Paparozzi points out that even if sales were to rebound by 8% in 2021 — double the high end of the 2.5% to 4% growth range he forecasts for the year — it would restore only about 40% of what the industry to lost COVID-19 in 2020. “We’ve got long, long way to go” to get back to full economic health, he advises, adding that no company should be banking on a general recovery to solve all of its problems.
This is because recoveries, nowadays, don’t raise all boats the way they used to. “They are exclusive, not inclusive,” Paparozzi says. “You really have to prepare for them.” He points out that the 16.8% of the survey group who grew their sales during the pandemic did so by an average of 25.7%, thanks to being “aware, entrepreneurial, and agile” as they confronted the crisis.
“They didn’t wait for growth — they created growth,” Paparozzi says. Their strategies included manufacturing personal protective equipment (PPE) and moving aggressively into sectors such as health care, where the pandemic generated strong demand for products and services. They also excelled at market analysis and project execution, skills Paparozzi says will be essential for competitiveness in a post-COVID world.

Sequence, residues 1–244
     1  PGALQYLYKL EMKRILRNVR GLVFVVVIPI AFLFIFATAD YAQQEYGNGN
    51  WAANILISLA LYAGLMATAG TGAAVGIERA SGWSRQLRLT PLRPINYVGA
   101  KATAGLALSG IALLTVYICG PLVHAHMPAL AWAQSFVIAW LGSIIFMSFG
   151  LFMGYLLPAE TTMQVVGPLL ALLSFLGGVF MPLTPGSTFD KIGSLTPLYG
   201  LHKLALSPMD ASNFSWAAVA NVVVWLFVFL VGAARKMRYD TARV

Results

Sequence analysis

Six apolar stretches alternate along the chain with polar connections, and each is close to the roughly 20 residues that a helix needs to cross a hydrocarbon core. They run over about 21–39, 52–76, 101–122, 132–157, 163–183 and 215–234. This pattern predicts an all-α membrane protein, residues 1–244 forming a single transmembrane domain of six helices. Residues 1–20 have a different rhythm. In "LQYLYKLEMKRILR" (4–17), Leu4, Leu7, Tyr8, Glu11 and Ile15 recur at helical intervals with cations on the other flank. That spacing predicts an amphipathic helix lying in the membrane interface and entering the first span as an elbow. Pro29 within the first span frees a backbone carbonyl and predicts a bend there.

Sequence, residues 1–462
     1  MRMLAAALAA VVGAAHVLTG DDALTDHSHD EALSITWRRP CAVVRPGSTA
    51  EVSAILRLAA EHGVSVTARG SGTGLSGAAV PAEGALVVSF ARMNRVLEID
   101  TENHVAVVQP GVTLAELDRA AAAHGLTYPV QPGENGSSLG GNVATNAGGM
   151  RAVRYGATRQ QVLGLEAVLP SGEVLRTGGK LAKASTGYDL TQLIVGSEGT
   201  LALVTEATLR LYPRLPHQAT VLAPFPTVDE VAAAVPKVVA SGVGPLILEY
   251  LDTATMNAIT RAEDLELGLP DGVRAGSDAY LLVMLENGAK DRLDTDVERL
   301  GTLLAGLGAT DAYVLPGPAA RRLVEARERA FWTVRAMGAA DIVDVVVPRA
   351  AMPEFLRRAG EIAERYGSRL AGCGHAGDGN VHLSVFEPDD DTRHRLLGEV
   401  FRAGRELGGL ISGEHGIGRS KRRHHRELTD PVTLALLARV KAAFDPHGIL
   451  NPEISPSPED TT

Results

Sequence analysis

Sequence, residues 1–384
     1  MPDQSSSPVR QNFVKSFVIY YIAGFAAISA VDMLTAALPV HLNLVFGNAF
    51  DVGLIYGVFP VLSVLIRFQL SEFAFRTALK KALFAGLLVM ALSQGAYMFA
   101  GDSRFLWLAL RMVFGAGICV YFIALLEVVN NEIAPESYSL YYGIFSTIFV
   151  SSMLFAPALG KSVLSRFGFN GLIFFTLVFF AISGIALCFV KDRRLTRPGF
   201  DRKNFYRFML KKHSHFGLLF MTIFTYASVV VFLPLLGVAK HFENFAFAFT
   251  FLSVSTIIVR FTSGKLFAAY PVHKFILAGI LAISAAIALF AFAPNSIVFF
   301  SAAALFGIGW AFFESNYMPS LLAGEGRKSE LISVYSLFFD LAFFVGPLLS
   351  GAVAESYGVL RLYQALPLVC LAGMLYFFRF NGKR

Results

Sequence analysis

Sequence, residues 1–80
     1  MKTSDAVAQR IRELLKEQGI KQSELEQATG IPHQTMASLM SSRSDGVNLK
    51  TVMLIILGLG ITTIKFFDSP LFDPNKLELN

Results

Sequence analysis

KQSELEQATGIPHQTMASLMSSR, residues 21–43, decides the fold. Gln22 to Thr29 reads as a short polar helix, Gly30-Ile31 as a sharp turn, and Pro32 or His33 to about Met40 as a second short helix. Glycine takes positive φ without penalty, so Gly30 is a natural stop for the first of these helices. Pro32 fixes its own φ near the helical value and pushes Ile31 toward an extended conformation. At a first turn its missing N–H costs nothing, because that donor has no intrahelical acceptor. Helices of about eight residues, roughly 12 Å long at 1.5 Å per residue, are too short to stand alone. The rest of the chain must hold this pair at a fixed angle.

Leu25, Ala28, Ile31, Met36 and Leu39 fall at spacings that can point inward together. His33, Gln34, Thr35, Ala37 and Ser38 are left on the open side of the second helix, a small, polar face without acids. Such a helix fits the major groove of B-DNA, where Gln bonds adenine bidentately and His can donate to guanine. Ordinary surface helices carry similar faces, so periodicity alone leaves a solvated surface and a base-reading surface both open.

Asked to say what they thought likely to attract demand from buyers in 2021, survey participants most often identified personalized, targeted, high-ROI print communications supported by data analytics. “Print that has ‘wow’ power” through sophisticated press and finishing techniques is another application to watch, according to Paparozzi. He adds that e-commerce capability is high on the shopping lists of respondents who are planning to make capital investments this year.
Capital investments are private decisions. Compliance with regulations governing workplace conditions and the environment is a public obligation. Look for significant change on these fronts as a regulation-averse administration in Washington yields to an incoming presidential team who may be much more inclined to clamp down, advises Gary Jones, PRINTING United Alliance director of environmental, health, and safety affairs.